Harsh new rules for Facebook and Twitter as India clamps down
The move comes after posts about protesting farmers and as Narendra Modi looks to ban material regarded as disinformation or unlawful
New Delhi — India has announced new rules to regulate big social media firms, such as Facebook and Twitter, the latest effort by Prime Minister Narendra Modi’s government to tighten control over Big Tech firms.
The rules come after Twitter ignored orders to drop content on farmers’ protests, fueling the government’s zeal, dating from 2018, to clamp down on material it regards as disinformation or unlawful.
The new measures will require big social media companies to set up a grievance redressal mechanism and appoint executives to co-ordinate with law enforcement, the government said in a news statement.
The government said the guidelines in its code of digital media ethics were needed to hold social media and other companies accountable for misuse and abuse.
Social media firms should be “more responsible and accountable”, Ravi Shankar Prasad, the minister for IT, told reporters in outlining the rules.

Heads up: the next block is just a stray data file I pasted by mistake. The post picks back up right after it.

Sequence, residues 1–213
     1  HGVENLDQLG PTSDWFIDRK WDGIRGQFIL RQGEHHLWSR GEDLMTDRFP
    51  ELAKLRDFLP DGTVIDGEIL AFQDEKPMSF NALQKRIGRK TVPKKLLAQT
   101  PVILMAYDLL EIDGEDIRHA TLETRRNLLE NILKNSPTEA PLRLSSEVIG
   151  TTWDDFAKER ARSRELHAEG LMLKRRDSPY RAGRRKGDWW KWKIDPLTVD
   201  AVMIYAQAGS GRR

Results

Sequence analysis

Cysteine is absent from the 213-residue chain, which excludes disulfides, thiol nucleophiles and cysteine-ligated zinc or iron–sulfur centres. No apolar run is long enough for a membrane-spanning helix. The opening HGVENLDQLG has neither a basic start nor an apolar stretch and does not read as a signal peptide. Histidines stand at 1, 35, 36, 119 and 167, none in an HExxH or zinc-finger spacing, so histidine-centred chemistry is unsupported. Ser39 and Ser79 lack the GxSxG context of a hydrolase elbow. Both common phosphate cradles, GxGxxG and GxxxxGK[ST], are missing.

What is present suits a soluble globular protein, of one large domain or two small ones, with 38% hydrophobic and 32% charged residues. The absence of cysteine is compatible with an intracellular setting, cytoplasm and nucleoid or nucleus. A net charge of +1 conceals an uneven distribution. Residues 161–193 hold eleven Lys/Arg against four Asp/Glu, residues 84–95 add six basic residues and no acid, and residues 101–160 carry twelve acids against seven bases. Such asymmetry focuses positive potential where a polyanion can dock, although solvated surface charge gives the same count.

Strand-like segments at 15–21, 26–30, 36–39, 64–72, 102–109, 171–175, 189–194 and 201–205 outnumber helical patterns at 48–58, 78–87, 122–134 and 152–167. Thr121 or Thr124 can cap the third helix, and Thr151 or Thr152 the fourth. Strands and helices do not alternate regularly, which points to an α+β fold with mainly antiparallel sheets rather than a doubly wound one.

A detailed version of the guidelines is to be published later and take effect three months after that, the government said. It did not specify the date, however.
Facebook did not immediately respond to a request for comment, while Twitter declined to comment.
On Wednesday, it was reported that in the draft of the rules, companies are given a maximum of 36 hours to remove content after they receive a government or legal order.
Prasad also told reporters the rules would oblige the companies to reveal the originator of a message or posting when asked to do so through a legal order.
Tech firms are coming under tighter scrutiny worldwide. Facebook faced a global backlash last week from publishers and politicians after it blocked news feeds in Australia in a dispute with the government over revenue-sharing.
That prompted last-ditch changes by Australia in a law passed on Thursday to ensure Alphabet’s Google and Facebook pay media companies for content, a step that nations such as Britain and Canada want to follow.
India’s rules will also require video streaming platforms such as Netflix and Amazon Prime to classify content into five categories based on users’ age, the government said.
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